More than two decades ago, in attempting to make sense of the structural dissonance between copyright and free expression, the U.S. Supreme Court famously declared that copyright was intended to be “the engine of free expression.” Ironically, this characterization was at the time intended as little more than a rhetorical device. In that very case, the Court proceeded immediately thereafter to analyze copyright as a “marketable” property right and conclude that absent a showing of market failure, neither fair use nor the First Amendment would preclude a finding of infringement. Instead of injecting a new set of values into copyright analysis, the “engine of free expression” metaphor served to effectively downplay the extent to which the value frameworks underlying the two systems could ever come into conflict with each other. Indeed, later opinions too have used it precisely to this end.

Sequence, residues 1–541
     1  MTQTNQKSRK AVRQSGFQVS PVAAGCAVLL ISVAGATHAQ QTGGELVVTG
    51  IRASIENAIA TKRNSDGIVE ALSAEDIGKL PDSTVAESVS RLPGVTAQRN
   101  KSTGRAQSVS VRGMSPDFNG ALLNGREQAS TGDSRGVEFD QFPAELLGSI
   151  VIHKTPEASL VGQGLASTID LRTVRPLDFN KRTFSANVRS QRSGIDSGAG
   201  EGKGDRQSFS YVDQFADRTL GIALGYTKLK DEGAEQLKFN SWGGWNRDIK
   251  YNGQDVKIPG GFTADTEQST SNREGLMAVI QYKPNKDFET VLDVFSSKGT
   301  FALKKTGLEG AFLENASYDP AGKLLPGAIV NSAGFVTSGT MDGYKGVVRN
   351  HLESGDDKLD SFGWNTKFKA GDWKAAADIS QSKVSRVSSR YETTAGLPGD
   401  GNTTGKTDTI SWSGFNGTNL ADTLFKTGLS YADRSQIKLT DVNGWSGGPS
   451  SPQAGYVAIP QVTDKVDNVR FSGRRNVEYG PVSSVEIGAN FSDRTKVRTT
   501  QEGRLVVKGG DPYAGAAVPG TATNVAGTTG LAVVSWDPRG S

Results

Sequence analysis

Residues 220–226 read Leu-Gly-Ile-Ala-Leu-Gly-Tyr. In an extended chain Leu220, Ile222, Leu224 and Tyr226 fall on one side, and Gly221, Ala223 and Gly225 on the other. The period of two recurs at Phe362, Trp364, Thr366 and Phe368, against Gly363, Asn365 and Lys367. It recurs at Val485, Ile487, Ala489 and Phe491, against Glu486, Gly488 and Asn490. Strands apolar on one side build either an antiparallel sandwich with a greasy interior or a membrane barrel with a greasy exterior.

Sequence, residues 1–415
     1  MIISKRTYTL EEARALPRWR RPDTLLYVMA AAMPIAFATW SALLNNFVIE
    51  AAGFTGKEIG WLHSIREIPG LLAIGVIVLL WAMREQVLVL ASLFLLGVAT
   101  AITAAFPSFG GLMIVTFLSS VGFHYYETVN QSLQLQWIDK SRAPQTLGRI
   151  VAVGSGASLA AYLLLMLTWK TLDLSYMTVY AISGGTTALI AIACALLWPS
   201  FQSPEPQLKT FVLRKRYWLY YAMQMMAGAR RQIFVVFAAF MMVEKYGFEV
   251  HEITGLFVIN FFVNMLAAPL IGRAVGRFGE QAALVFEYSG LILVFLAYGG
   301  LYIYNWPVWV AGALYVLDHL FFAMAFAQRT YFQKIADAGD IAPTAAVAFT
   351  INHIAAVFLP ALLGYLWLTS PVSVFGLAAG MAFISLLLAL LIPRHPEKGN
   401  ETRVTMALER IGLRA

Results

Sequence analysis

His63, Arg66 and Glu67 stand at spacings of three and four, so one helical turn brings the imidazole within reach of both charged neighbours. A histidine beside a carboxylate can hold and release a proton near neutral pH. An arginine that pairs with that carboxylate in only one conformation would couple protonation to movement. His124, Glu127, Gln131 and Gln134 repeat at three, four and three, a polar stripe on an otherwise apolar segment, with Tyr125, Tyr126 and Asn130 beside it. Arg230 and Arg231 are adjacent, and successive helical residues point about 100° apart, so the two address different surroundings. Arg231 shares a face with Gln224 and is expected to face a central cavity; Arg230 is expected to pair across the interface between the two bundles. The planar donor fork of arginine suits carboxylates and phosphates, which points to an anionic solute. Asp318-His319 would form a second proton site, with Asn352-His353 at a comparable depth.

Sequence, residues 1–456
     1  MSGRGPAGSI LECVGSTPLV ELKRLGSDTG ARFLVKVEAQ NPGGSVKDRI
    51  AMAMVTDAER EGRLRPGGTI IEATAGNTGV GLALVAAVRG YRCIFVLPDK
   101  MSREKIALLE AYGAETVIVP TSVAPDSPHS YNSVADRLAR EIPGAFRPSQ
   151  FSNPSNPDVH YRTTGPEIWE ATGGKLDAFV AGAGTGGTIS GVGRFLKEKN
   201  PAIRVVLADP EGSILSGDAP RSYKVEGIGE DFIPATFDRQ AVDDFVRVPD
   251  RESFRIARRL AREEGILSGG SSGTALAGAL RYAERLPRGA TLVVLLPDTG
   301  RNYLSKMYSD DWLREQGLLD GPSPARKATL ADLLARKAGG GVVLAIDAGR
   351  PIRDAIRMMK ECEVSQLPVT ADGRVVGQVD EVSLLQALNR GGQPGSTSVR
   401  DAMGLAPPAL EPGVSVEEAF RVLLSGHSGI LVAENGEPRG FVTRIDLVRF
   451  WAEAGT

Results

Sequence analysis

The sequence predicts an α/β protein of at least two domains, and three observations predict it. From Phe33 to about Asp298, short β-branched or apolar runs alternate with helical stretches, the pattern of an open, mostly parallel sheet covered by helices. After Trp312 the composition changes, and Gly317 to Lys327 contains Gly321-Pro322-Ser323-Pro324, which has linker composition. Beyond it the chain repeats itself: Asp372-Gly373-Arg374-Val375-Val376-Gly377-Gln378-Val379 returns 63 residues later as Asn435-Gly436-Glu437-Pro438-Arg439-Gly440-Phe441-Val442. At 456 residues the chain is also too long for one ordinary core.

Despite its origins, Neil Netanel has long believed that there may yet be some merit in the Court’s characterization. In his view, copyright is a state mechanism directed at enhancing the “democratic character of civil society.” By providing creators with an incentive to produce creative expression, supporting expressive activity via the market, and setting limits to private control of creative expression, copyright contributes directly to the development of a vibrant civil society. Netanel’s “democratic paradigm” stands in contrast to both the market-based and minimalist accounts of copyright and attempts to take seriously copyright’s ability to be an engine of free expression.
Intellectual Property Law | Law | Science and Technology Law
Debunking Blackstonian Copyright,
Yale L. J.
Available at: https://scholarship.law.columbia.edu/faculty_scholarship/2815